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Should the Coastline of East Anglia Be Defended?

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SHOULD THE COASTLINE OF EAST ANGLIA BE DEFENDED? The coastal erosion of East Anglia is increasing rapidly, in places, over 2 metres per year is being lost to the sea. This is caused by both human activities and natural causes. Firstly, the coast of East Anglia is made up of soft, easily eroded materials such as clay, chalk, sand and silt. The action of the sea naturally erodes this material. Secondly, there is a large body of opinion that feels global warming is adding to the problem. It is felt that because of the activities of mankind, gases are produced, mainly in industry, that damage the ozone layer, which is the layer of gases that protect the earth from the sun. Therefore, the earth's average temperature has risen, leading to the melting of certain polar regions which adds more water to the earth's surface and makes the sea rise. The third problem for East Anglia is marine dredging. Offshore dredging removes natural barriers to the sea in the form of rocks, gravel and sand, thereby increasing the pressure of the sea on the coastline. ...read more.


They support more 'natural' solutions such as salt marshes and sand dunes. Until recently the protection of the entire coastline has been done on a piecemeal basis, with each different council responsible for their own patch. Protection is therefore small scale, short term and has little regard for the effect it will have on neighbouring areas of coastline. For example, large scale use of groynes will prevent natural long shore drift and so deprive the next area of incoming long shore drift. The recent studies have indicated that the need for a more comprehensive approach on a regional scale. Many different changes have been suggested but at the moment options are still being considered. For the above reasons, The Environment Agency feels that a local management approach is incapable of meeting up to the complexities of the coastal processes . They therefore recommend and support 'managed retreat' on a regional rather than local basis. Managed retreat means that -land is surrendered to the sea, particularly low value agricultural land. ...read more.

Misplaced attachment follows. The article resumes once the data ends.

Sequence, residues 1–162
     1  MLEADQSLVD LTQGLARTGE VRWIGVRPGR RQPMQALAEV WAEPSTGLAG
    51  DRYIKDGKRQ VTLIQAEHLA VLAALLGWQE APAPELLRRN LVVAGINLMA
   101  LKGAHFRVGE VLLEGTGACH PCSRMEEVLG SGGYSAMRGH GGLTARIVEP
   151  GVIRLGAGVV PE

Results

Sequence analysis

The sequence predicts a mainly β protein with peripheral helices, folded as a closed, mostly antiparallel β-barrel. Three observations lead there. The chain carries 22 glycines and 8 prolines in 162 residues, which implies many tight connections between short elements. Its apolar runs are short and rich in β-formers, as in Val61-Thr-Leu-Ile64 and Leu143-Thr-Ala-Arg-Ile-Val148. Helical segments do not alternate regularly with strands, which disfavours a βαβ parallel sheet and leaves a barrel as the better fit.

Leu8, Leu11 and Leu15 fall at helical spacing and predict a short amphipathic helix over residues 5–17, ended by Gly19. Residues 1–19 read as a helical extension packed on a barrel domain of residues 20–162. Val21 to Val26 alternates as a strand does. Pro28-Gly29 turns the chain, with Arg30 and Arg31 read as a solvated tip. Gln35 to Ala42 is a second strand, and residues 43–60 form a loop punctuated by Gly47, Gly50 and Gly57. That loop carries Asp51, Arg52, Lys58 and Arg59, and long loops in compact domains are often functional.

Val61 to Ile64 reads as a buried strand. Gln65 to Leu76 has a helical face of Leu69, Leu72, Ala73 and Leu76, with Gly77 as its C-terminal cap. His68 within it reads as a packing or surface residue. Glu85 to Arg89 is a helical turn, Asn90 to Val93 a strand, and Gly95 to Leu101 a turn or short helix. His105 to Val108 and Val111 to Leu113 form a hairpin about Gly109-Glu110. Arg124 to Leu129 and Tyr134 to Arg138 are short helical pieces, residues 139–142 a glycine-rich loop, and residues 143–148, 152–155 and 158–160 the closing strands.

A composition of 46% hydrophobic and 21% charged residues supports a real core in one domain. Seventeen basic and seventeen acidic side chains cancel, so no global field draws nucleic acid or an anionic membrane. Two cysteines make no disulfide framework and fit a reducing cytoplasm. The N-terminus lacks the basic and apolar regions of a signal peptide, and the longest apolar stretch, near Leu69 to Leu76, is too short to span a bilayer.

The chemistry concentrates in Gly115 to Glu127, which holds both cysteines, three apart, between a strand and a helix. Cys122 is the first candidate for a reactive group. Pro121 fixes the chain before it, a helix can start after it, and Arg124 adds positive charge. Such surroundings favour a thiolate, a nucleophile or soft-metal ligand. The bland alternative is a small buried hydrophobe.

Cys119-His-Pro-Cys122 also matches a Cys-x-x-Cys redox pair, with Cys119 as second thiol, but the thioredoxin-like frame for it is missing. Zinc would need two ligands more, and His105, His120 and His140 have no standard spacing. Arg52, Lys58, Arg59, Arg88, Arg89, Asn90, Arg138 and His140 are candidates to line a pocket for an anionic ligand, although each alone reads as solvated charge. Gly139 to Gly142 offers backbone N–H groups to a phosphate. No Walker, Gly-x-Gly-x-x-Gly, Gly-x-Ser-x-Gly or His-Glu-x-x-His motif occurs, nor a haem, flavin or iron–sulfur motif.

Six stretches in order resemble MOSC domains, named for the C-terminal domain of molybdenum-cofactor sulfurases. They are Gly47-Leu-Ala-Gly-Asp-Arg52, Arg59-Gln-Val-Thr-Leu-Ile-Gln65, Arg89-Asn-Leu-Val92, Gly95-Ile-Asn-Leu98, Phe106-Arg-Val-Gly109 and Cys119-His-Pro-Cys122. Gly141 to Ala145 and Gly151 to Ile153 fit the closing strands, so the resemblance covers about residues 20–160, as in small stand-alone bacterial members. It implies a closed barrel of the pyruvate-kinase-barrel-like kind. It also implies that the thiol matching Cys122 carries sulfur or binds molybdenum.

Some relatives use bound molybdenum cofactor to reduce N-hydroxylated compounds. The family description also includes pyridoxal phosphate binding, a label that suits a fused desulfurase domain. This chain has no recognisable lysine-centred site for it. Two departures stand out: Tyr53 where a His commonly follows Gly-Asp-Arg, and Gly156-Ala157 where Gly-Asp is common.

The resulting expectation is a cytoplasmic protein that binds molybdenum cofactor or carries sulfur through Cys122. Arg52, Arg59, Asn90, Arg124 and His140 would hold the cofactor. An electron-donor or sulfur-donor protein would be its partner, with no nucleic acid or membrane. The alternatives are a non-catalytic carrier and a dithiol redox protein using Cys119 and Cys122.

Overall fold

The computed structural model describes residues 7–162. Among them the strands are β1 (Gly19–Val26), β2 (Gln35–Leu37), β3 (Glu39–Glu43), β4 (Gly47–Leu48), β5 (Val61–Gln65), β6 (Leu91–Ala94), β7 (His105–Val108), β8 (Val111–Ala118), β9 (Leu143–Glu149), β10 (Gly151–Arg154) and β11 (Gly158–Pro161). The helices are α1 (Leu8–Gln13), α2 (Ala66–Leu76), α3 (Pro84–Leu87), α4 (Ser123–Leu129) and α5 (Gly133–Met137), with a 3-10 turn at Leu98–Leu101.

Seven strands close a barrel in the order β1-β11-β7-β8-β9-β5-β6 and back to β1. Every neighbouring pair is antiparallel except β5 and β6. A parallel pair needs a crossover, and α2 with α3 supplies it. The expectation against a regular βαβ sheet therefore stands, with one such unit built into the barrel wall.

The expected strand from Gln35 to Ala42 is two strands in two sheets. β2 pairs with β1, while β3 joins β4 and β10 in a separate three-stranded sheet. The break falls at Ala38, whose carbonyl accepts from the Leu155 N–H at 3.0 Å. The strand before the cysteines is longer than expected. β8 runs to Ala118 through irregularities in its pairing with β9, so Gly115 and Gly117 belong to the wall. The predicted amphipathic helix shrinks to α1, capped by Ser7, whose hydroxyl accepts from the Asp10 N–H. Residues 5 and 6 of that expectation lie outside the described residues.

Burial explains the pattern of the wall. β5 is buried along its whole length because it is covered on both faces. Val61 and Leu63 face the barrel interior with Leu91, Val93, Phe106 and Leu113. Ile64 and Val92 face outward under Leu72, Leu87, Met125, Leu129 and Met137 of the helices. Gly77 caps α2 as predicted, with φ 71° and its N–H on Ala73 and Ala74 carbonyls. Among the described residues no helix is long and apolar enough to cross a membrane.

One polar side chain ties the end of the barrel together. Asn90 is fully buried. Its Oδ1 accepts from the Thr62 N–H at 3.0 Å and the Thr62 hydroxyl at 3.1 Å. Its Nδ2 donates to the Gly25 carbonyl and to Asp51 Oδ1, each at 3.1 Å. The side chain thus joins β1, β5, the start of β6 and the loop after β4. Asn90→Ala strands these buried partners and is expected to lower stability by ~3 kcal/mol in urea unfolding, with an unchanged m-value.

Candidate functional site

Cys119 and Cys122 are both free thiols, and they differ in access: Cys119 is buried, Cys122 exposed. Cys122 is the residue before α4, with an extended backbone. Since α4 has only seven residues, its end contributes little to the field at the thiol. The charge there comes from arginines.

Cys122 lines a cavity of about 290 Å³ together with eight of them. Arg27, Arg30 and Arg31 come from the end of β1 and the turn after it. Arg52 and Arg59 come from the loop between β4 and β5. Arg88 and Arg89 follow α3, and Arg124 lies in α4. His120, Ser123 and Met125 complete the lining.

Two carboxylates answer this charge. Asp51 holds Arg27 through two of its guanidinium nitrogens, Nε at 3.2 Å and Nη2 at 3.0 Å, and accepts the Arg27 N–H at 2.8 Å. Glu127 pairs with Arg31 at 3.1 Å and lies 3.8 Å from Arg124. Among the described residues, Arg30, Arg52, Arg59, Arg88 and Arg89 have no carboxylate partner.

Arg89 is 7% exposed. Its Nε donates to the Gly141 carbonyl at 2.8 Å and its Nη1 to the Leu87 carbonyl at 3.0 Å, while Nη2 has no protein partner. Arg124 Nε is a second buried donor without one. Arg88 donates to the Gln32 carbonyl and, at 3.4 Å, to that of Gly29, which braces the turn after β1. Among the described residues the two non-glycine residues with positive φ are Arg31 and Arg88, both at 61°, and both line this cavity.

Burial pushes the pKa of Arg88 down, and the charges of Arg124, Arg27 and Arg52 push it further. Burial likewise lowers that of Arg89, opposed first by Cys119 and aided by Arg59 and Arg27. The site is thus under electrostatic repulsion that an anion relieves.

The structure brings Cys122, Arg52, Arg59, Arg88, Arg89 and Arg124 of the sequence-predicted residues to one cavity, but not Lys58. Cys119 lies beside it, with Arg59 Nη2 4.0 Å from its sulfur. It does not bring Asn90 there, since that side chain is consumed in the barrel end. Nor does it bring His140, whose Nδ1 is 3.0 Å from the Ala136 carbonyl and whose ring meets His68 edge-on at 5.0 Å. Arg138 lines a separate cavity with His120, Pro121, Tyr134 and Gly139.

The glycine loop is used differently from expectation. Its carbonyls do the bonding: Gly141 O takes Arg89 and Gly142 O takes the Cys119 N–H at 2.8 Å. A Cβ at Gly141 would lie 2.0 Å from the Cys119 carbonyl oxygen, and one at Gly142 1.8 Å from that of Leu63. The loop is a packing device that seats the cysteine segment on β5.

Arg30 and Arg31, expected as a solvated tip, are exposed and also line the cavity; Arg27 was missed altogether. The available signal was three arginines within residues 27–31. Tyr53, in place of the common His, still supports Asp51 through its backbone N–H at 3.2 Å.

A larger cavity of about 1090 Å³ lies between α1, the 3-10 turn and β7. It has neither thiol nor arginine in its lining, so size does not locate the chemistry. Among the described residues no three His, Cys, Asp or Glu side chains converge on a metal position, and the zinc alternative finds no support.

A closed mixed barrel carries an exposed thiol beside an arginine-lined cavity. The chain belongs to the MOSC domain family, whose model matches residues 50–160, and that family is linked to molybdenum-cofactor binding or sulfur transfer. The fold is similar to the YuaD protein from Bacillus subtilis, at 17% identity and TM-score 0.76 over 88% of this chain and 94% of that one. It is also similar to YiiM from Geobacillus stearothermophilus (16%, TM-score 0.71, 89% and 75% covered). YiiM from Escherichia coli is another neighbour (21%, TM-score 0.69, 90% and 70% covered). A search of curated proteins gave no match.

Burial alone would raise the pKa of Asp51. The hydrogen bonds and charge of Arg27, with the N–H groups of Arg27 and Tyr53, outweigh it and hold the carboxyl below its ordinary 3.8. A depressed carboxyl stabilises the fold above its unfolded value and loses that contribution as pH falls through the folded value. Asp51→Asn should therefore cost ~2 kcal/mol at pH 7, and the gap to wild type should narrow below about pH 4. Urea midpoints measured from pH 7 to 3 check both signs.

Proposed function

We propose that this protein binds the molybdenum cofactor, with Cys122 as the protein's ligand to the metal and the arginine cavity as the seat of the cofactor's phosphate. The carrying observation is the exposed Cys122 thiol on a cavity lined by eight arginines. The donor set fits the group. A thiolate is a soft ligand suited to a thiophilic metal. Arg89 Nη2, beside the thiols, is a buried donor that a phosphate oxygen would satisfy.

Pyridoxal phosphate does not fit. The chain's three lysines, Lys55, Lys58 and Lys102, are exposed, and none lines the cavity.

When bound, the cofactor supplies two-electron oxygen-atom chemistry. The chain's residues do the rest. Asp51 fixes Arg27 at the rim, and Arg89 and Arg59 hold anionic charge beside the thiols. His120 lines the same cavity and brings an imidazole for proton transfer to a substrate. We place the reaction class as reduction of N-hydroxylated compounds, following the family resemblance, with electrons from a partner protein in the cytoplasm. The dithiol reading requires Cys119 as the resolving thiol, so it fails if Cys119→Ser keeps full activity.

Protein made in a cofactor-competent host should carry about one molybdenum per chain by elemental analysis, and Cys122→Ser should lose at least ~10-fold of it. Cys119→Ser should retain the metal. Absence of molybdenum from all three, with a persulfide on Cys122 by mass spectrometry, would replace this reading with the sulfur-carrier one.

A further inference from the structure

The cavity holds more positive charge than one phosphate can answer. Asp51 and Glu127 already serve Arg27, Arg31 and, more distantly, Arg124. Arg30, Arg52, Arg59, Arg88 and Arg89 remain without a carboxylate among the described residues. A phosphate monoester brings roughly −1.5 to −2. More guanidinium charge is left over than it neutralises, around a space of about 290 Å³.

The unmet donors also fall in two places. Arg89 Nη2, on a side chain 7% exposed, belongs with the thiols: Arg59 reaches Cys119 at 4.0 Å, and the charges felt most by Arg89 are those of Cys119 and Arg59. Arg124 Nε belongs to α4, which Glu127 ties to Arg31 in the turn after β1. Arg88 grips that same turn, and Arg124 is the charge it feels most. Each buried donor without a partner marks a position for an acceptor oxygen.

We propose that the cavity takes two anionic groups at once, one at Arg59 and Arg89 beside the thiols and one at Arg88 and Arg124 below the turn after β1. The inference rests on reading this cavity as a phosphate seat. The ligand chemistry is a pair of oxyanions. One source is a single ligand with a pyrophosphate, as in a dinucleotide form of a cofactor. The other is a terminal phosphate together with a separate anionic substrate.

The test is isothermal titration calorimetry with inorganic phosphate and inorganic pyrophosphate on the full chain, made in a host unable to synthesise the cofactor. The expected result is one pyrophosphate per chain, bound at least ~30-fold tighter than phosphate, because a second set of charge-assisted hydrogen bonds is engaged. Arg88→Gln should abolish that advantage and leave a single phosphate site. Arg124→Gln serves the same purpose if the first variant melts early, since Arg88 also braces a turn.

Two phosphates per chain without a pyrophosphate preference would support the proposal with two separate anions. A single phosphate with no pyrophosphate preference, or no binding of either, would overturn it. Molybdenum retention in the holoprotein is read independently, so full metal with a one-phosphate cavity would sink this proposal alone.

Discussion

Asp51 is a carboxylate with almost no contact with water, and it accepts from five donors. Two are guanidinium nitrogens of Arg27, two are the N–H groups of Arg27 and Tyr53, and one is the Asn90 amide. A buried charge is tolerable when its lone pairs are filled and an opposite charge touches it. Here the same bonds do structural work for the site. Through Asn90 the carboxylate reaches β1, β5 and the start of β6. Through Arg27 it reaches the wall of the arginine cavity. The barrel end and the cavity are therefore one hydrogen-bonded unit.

The Environmental Agency's strategy of natural retreat (giving up the land where appropriate and compensating the local community) can be fully considered together with any physical protections (sea-wall improvement, rip-rap, sand replacement etc) which may be suitable at each point on the coast. In conjunction with this, the effect, if any, of off-shore dredging and physical interference with any parts of the coastline should be closely monitored and action taken where necessary. Whilst looking at the entire region, the effects that changes to the environment in one area will have further down the coast can be borne in mind. Furthermore, the global aspects should be thought of as well, such as the issue of global warming and the fact that sea levels may rise further. Obviously this needs to be fully considered but can only ever be a part of government strategy, it is not the responsibility of local level councils etc. Above all, it is vital to consider the interests of local people. This includes farmers, residents and businesses that depend on tourists to the area. Their interests should be taken very seriously and considered in conjunction with what is inevitable geographically and possible financially and physically. ...read more.

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